The Non-Communicable Diseases Alliance is marking World No Tobacco Day, 31 May 2010, by calling for greater awareness of the global burden of disease and death caused by tobacco use and the need for more concerted efforts to both pass and implement effective tobacco control legislation.

With the decline of smoking rates in many developed countries, the tobacco industry has transferred its marketing efforts to low- and middle-income countries. The industry is also heavily marketing its products to women — who currently comprise only 20% of the world’s smokers. Consequently the World Health Organization (WHO) has made “Gender and Women with an emphasis on marketing to women” the theme for World No Tobacco Day 2010.

The public health toll *

In 2008, WHO Director-General Margaret Chan said “Tobacco use can kill in so many ways that it is a risk factor for six of the eight leading causes of death in the world”. These are coronary heart disease; stroke and other cerebral vascular diseases; lower respiratory infections; chronic obstructive pulmonary disease (COPD); tuberculosis; and tracheal, bronchus and lung cancer. Smoking is also associated with mouth, liver, kidney, bladder, cervical and other cancers, as well as diseases ranging from osteoporosis to fertility problems.

Tobacco control is a priority for the NCD Alliance because:

  • 80% of smokers live in low- and middle-income countries.
  • 520 million people will die from tobacco use in the next 50 years.
  • By 2030 the number of deaths from tobacco each year will increase from 5 million to more than 8 million.

In addition to the dangers of tobacco use, studies have shown that there is no safe level of exposure to second-hand smoke, which contributes to 600,000 premature deaths each year.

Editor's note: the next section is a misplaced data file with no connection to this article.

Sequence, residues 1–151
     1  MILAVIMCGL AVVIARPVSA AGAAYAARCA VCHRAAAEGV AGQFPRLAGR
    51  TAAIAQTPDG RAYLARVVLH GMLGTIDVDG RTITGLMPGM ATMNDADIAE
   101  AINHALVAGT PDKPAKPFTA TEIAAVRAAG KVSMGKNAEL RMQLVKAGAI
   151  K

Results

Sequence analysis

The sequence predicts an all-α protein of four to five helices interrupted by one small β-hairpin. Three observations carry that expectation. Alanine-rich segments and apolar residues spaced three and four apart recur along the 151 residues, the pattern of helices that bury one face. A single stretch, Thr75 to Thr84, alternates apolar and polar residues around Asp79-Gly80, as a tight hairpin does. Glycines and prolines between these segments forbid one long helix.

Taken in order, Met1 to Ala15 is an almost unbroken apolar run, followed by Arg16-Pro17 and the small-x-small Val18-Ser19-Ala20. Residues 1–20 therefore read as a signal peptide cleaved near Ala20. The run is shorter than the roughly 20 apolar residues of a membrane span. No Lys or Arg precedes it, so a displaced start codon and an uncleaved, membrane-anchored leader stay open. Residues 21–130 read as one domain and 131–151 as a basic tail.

Social, economic and political impact

While statistics are not available for all regions, the costs incurred by tobacco use are more than US$190 billion per year in the United States alone. Of this amount approximately half is attributable to health-related costs and half to lost productivity.

The NCD Alliance is seeking to remind policy-makers that people want to see change:

More than 160 countries, representing 86% of the world’s population, are now Parties to the first international public health treaty: WHO’s Framework Convention on Tobacco Control.

Yet only 2% of the world’s population live in countries with comprehensive smoke-free laws and high levels of compliance with these laws.

While 154 million people became covered by new comprehensive smoke-free laws in 2008, there is still much work to be done to reverse the global tobacco epidemic.

For more information about World No Tobacco Day, please visit:

To learn more about the tobacco epidemic and tobacco control:

WHO Report of the Global Tobacco Epidemic 2009

The Tobacco Atlas:

For free smoke-free guides, case studies and other tobacco control resources:

For information about 2010: The Year of the Lung:

* Sources: The Tobacco Atlas, 3rd ed.; WHO Report on the Global Tobacco Epidemic; WHO Tobacco Free Initiative website; The Union Department of Tobacco Control